My first instinct was to start the engine, stomp the gas pedal, and get out of there fast. The problem was that Roger was standing real close close to the vehicle, close enough to have stepped off the curb and press his junk against the passenger-side door. If I drove away, I would have run over his feet. That might have funny, but only if someone else had done it.

Fuck. I motioned for him to get in.

“I think I better take him to hospital,” I said to Doreen.

“OK. Roger, we’ll be here when you get back,” she said.

“Palm fronds are sharp. I’m bleeding,” Roger said.

“Yes, all over the inside of my car.”

That was an exaggeration. Roger mostly bled on himself. He took off his corduroy sport coat and used it to wipe drops of blood off the glove compartment. I could see the wound now. His receding hairline provided ample room to showcase the four vertical punctures in his forehead from the frond’s thorns.

We drove off. Through my review mirror, I could see Doreen waving goodbye and the perms continuing to attack the palm tree. I wondered if they would eventually give up, hose down the tree with lighter fluid and set it ablaze. Would they stop at one tree? They might torch a big, long row of them and make East Beach look like the opening scene from Apocalypse Now. I was no longer there so it wasn’t my concern. They could do as they pleased.

I drove toward Cottage Hospital. The emergency room was probably unnecessary, but it was the only place I could think of that took patients at this hour of the night and I wanted Roger to be their patient, not mine.

“She doesn’t deserve it,” Roger said.

“Deserve what?” I asked.

“Her bad reputation.”

“Who doesn’t?”

“Joan Jett.”

“Oh yeah, the song.”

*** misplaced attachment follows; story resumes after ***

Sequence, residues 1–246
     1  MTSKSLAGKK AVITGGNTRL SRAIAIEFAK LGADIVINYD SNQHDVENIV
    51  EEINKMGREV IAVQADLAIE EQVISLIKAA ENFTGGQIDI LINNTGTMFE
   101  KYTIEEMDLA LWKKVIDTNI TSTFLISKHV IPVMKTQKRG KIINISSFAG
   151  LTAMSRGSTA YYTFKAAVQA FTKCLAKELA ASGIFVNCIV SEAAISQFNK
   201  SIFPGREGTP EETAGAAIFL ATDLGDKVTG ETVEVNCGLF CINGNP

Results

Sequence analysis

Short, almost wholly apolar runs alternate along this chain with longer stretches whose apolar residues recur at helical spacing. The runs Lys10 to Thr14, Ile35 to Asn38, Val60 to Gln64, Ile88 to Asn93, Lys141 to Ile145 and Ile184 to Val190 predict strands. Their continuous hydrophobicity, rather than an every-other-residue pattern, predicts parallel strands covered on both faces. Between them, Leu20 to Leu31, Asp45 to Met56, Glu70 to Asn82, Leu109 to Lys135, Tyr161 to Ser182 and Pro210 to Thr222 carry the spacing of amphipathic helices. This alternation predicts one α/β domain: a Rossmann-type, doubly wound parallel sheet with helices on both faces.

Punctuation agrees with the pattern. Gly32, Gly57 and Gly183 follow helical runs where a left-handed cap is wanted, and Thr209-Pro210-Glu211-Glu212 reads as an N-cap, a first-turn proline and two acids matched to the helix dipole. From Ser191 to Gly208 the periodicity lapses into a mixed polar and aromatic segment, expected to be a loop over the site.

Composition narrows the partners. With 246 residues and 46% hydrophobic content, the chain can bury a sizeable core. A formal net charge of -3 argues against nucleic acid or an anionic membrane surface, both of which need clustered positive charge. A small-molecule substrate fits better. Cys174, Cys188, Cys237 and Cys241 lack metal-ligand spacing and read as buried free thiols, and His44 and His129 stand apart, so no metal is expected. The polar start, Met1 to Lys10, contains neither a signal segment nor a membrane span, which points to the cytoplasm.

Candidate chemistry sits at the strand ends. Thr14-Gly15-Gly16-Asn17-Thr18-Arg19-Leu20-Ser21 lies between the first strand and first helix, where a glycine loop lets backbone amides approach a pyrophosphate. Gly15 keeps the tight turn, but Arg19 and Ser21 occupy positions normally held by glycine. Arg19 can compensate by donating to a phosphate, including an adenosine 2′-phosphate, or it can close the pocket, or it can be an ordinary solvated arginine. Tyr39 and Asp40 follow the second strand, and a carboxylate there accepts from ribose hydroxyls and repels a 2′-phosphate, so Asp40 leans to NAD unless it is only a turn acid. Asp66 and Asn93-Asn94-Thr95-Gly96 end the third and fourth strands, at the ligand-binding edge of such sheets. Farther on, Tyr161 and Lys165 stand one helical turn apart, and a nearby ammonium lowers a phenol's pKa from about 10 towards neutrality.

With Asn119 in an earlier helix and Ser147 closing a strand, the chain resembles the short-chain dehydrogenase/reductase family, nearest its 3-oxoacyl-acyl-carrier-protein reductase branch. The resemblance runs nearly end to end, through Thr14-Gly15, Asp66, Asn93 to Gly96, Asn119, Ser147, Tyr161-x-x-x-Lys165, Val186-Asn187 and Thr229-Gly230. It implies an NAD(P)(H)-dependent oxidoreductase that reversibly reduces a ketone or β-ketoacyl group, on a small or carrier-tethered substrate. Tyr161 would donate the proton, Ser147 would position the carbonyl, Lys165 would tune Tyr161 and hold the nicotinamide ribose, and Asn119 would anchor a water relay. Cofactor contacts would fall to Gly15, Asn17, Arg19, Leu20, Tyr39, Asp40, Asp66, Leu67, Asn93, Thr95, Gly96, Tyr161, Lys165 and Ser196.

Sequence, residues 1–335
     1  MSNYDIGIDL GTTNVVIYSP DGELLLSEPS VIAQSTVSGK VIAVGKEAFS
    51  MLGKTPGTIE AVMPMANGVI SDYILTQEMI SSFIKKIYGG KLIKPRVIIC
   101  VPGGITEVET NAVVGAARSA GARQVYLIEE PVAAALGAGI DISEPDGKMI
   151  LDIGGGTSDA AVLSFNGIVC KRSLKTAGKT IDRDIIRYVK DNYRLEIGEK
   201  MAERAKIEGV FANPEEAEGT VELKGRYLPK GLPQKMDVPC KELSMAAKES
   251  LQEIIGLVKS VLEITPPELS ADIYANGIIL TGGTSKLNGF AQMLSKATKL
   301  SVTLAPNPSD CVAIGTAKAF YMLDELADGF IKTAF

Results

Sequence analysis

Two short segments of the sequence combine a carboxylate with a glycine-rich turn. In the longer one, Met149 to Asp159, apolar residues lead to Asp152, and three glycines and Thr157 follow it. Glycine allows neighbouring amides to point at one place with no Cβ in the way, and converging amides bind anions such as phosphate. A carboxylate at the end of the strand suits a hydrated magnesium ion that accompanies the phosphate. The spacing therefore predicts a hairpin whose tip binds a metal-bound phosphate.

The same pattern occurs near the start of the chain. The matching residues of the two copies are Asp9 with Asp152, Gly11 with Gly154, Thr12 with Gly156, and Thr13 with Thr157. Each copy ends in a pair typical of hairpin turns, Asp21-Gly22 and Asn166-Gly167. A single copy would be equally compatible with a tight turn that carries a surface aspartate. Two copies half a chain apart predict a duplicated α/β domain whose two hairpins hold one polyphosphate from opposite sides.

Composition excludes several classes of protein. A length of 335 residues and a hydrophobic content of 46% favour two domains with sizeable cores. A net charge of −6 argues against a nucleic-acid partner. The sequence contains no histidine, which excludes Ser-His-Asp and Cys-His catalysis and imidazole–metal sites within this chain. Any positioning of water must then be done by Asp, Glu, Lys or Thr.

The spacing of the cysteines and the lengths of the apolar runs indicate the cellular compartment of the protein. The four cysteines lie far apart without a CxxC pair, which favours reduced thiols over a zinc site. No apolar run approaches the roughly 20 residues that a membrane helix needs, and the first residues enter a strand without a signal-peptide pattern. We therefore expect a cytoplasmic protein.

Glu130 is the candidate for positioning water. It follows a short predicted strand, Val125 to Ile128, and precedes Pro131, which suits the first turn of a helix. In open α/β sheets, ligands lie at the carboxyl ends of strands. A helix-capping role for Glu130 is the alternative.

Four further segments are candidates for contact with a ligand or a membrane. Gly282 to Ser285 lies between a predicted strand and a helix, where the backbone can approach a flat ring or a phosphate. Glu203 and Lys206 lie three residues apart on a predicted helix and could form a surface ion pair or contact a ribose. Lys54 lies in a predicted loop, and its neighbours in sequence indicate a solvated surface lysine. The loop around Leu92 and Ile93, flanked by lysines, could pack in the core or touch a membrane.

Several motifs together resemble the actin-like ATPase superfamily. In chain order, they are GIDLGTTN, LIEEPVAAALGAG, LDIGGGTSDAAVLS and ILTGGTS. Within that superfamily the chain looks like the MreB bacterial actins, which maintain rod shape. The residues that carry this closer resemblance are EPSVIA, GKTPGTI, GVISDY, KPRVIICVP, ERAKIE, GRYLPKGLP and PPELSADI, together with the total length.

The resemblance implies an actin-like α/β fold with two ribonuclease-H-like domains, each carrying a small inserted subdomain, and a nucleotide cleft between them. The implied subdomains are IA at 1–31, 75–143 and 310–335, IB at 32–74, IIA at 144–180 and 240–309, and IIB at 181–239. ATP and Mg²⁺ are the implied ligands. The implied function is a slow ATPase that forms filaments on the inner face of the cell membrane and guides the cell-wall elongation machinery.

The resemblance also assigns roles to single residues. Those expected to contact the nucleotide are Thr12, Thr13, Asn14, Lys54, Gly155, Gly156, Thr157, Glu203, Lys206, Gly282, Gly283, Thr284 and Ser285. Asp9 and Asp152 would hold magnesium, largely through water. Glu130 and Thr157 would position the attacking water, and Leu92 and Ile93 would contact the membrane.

“I met her at a party and she was very nice.”

“Joan Jett?”

“Yes, her reputation should be good.”

I hoped Roger was either lying or delusional. I didn’t want Joan Jett to be good. I wanted her to be bad, to be mean. More to the point, I wanted her to do mean things to me. I had assembled a list of those things over the years. It wasn’t very long, but it was specific. However, there was no point in sharing my thoughts with Roger on this. It was extremely unlikely he would understand so left it filed under Things That Were Never Going To Happen Anyway.

We pulled into the hospital parking lot and I got him into the emergency room. After sitting him down, I went to the desk and explained his situation to a nurse there. She said that someone would see to him, but since his injury was minor it might take a while.

That suited me fine. It could take all night. I had already done my job. I left the hospital without telling Roger goodbye.

I didn’t see Roger for some time after that, which may or may not have had anything to do with the events of that night. People come and go all the time.

I eventually ran ran into him one afternoon when I went for a burger at Wendy’s. Roger wasn’t wearing his corduroy sport coat because he was working there. There was a mop in his hand and he was cleaning up the floor where a child had vomited. He smiled and waved when he saw me. The holes in his forehead had completely healed.

Microchips

The ten o’clock hour was approaching. We would soon have to put away our phones and pay attention to…well, it didn’t matter what we paid attention to as long as it wasn’t our phones. On Thursday night at Aunt Charlies, that was the rule.

This rule was by order of the evening’s deejay. I’m not sure what the reason was behind it. Maybe he wanted to create an atmosphere of a simpler time. There is evidence to support this. His musical selection was disco and the posters he hung on the walls were scenes from cruisy bars in the pre-AIDS 1970s that featured men sporting Tom of Finland fashions and Barry Gibb hair. Then again, perhaps the deejay was just a fascist attention whore.

A bigger question might be why I was hanging out there. Not because it’s a gay bar. I already had that worked out. No, the question was why an unapologetic smartphone junkie such as myself would willingly deprive himself of his Wikipedia and Google fix.